Stemming from the FAO report and GRDC research to date, Associate Professor Sadras says it is apparent Australian researchers need to concentrate more closely on the interactions between water and nutrient availability and use.
“Similar to the study of WUE, we need to assess potential and actual nutrient use efficiency per unit of water available to crops,” he says.
On the east coast, trials have started to look at precisely how much nitrogen is needed to capture maximum benefits from summer rainfall.
Associate Professor Sadras says a deficiency of either water or nitrogen means neither will be used efficiently and if there is too much nitrogen, it is wasted. He says part of the solution is to also create closer synergies between crop breeders and agronomists earlier in the process of varietal selection and development.
This is backed by the conclusion of the FAO report, which said genetic improvements for WUE will contribute to higher grain yields but there are potentially bigger gains to be made from management practices that improve the capacity of crops to capture water in many regions.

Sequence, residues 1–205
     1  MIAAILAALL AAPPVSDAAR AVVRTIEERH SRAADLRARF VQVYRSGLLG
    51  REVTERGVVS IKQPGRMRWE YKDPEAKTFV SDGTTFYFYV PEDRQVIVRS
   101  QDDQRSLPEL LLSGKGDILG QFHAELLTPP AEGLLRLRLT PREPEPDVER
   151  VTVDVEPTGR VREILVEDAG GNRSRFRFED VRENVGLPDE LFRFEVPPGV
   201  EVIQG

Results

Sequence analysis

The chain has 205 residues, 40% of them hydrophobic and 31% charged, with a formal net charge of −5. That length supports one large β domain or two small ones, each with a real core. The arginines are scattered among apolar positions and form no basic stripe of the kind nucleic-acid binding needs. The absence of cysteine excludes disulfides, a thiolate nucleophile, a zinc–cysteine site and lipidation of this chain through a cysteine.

“There is an obvious need for agronomic solutions to close the common, and often big, gap between actual and attainable yield per unit of water use demonstrated for all five case studies in this report,” the report said.
“Whereas genetic and agronomic solutions are not mutually exclusive, it has been argued that agronomic practices to narrow the gap between attainable and actual yield per unit water use are an effective investment of scarce R&D funds – particularly for smallholder farmers.
“The practices required to close the gap have some elements that seem to be widespread (across the globe) – such as timely sowing, effective control of weeds, arthropod pests and diseases and adequate fertilisation.
“As a rule for winter crops, timing the earliest sowing that is compatible with frost risk would maximize grain yield and water productivity in association with favourable temperature, radiation and humidity.”
Associate Professor Victor Sadras
08 8303 9661
The FAO report is available from the FAO website: Status of water use efficiency of main crops
Water Use Efficiency of grain crops in Australia: principles, benchmarks and management to order your booklet see page 3 of Ground Cover Direct catalogue or visit the GRDC Bookshop
Next: Women championed as agricultural science leaders
GRDC Project Code